More than 54 per cent of travellers from Singapore use their smartphones while on holiday, with the number jumping to 70 per cent for those aged between 18 and 24.
This is according to travel search engine Kayak, which polled 1,000 people from Singapore as part of a worldwide survey of more than 12,000 people last month.
One key reason for using their smartphones is to share their experiences on social media, with 76 per cent of those surveyed doing so. This is in contrast to a decade ago, when only 14 per cent of travellers here shared their experiences online.
"Consumers rely on their smart devices in every area of their lives and travelling is no different," said Kayak South-east Asia director Imbert Fung.
The survey also found that 61 per cent of those polled consulted online travel agencies to plan holidays.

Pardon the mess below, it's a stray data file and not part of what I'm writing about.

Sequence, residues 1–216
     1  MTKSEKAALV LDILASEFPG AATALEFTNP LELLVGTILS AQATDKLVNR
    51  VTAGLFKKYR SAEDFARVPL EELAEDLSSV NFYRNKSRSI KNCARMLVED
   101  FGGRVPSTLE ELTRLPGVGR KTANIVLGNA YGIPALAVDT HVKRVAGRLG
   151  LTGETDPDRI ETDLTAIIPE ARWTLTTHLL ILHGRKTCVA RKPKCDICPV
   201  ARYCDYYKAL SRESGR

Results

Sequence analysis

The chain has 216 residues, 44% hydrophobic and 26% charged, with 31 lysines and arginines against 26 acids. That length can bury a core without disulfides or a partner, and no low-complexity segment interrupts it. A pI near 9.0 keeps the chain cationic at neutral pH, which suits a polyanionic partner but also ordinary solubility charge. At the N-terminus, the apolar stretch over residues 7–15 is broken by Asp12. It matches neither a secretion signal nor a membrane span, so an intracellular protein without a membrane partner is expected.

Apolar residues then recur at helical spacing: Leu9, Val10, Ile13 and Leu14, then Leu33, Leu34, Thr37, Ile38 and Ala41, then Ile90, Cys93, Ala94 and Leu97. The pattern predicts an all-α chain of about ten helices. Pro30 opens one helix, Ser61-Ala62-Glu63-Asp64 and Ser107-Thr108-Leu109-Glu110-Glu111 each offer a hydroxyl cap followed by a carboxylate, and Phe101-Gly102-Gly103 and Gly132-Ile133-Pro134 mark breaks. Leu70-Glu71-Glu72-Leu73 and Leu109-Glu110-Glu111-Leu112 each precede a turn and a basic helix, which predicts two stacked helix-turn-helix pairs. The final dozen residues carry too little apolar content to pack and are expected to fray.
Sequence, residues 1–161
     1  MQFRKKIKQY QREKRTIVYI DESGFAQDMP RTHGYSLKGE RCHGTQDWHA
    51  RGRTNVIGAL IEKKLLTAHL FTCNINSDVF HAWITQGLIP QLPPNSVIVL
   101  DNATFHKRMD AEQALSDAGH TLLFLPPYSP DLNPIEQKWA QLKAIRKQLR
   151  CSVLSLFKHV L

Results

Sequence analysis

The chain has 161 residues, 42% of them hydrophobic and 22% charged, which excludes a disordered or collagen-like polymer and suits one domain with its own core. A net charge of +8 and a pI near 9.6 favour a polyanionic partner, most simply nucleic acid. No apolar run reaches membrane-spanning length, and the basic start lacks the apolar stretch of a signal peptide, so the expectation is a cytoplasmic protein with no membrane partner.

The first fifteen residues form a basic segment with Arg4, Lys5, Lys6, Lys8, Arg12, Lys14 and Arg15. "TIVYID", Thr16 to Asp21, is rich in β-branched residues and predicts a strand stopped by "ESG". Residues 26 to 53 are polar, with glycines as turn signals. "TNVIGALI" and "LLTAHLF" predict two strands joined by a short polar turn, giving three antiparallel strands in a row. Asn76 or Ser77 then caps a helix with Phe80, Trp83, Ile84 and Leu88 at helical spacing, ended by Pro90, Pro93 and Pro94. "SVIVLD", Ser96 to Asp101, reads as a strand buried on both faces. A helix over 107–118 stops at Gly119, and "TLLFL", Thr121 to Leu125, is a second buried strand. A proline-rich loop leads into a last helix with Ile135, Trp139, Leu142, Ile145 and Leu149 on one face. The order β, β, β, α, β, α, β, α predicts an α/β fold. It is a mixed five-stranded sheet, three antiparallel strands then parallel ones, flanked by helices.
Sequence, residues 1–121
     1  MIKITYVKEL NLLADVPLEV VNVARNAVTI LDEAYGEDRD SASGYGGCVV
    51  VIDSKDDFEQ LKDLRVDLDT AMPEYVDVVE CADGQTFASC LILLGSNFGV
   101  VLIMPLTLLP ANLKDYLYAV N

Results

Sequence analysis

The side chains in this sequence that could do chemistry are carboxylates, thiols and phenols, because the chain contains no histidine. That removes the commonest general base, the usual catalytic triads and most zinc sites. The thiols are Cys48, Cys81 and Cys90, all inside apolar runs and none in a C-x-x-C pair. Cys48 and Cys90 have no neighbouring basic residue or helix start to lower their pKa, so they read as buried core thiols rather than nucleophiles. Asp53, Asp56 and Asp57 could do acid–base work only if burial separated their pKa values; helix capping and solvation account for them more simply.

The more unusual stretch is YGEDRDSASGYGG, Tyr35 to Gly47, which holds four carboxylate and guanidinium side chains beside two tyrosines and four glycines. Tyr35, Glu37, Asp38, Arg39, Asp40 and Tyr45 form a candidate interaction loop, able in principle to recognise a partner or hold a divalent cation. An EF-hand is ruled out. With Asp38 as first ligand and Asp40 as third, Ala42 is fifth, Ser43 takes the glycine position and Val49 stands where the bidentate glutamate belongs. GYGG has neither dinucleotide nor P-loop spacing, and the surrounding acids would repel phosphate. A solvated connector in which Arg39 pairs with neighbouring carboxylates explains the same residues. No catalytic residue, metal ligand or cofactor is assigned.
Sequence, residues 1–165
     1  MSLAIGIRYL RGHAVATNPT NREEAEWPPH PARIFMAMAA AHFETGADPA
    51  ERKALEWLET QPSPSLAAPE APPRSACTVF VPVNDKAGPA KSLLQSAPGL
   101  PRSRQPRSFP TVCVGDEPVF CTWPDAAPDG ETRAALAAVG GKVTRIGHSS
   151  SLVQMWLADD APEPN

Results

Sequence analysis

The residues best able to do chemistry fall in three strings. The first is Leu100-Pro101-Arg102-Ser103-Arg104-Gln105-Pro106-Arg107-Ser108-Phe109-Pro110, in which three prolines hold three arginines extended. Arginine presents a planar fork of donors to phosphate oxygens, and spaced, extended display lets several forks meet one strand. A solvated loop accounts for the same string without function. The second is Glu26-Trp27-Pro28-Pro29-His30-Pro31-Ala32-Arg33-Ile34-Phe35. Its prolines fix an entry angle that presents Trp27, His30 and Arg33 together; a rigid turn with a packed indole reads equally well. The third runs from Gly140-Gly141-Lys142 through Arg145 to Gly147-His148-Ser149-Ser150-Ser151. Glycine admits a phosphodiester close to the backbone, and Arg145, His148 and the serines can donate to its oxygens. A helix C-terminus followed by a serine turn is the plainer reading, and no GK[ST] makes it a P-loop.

In choosing their next holiday destination, 44 per cent of those surveyed used social media, while 33 per cent turned to travel blogs.
While only 26 per cent of respondents used a traditional travel agency to plan their vacations, Mr Fung said they still serve as an additional source of information for travellers.
When it comes to tasks such as booking their trips online, res- pondents were still more com- fortable using computers rather than smartphones.
Citing greater security and a more user-friendly interface as reasons, 74 per cent of the respondents prefer to make their travel bookings on a computer, compared with 17 per cent who do so via their smartphones.
Only 22 per cent of those surveyed check in for their flights by using their smartphones or opting for a mobile boarding pass.
Civil servant Dhirah Othman, who vacationed in Japan last December with her husband, bought a SIM card with a data plan in Japan for her trip, saying it was cheaper than using data roaming on her existing phone plan.
She found her smartphone invaluable during her trip, using it to not only stay in touch with her family and friends, but also for finding her way around.
"I use Google Maps a lot when I travel," said 33-year-old Ms Dhirah, adding that she also used mobile apps that helped her to get around the Japanese transportation system and find halal food.